Main Article Content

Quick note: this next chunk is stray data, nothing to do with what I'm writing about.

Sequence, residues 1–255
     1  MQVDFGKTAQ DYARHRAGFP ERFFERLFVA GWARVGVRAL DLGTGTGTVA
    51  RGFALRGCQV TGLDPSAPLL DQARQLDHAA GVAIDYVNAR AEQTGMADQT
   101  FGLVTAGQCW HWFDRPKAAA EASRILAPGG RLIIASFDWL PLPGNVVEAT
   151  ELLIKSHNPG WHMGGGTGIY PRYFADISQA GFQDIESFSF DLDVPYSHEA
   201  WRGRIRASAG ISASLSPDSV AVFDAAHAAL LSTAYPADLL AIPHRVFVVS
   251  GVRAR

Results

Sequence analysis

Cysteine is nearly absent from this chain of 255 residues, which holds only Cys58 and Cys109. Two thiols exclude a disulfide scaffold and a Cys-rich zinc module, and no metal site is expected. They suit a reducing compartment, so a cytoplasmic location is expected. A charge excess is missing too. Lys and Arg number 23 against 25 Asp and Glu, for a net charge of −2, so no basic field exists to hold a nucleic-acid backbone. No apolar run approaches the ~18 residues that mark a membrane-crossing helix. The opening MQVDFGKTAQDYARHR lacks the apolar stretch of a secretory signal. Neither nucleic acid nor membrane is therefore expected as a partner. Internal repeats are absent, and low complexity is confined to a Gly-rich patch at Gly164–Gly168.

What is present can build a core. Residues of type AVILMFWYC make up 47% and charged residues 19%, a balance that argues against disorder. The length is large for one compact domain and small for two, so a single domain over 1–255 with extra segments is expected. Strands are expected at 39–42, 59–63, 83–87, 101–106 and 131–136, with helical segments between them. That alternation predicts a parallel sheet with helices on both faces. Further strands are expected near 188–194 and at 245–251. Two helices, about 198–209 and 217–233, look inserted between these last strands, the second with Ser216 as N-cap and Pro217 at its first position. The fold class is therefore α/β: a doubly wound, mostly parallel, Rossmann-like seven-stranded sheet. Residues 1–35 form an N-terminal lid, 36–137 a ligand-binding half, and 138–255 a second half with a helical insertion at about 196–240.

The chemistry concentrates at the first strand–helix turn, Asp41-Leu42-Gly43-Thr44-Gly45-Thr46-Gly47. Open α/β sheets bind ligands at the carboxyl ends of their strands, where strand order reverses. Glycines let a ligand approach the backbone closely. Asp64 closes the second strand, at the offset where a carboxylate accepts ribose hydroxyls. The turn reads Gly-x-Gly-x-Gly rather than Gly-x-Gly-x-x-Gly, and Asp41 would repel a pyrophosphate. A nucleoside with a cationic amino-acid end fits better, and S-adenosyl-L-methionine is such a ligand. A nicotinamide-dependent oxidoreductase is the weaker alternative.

Cooperative spectrum sensing improves the sensing performance of secondary users by exploiting spatial diversity in cognitive radio networks. However, the cooperation of secondary users introduces some overhead also that may degrade the overall performance of cooperative spectrum sensing. The trade-off between cooperation gain and overhead plays a vital role in modeling cooperative spectrum sensing. This paper considers overhead in terms of reporting energy and reporting time. We propose a cooperative spectrum sensing based coalitional game model where the utility of the game is formulated as a function of throughput gain and overhead. To achieve a rational average throughput of secondary users, the overhead incurred is to be optimized. This work emphasizes on optimization of the overhead incurred. In cooperative spectrum sensing, the large number of cooperating users improve the detection performance, on the contrary, it increases overhead too. So, to limit the maximum coalition size we propose a formulation under the constraint of the probability of false alarm. An efficient fusion center selection scheme and an algorithm to select eligible secondary users for reporting are proposed to reduce the reporting overhead. We also outline a distributed cooperative spectrum sensing algorithm using the properties of the coalition formation game and prove that the utility of the proposed game has non-transferable properties. The simulation results show that the proposed schemes reduce the overhead of reporting without compromising the overall detection performance of cooperative spectrum sensing.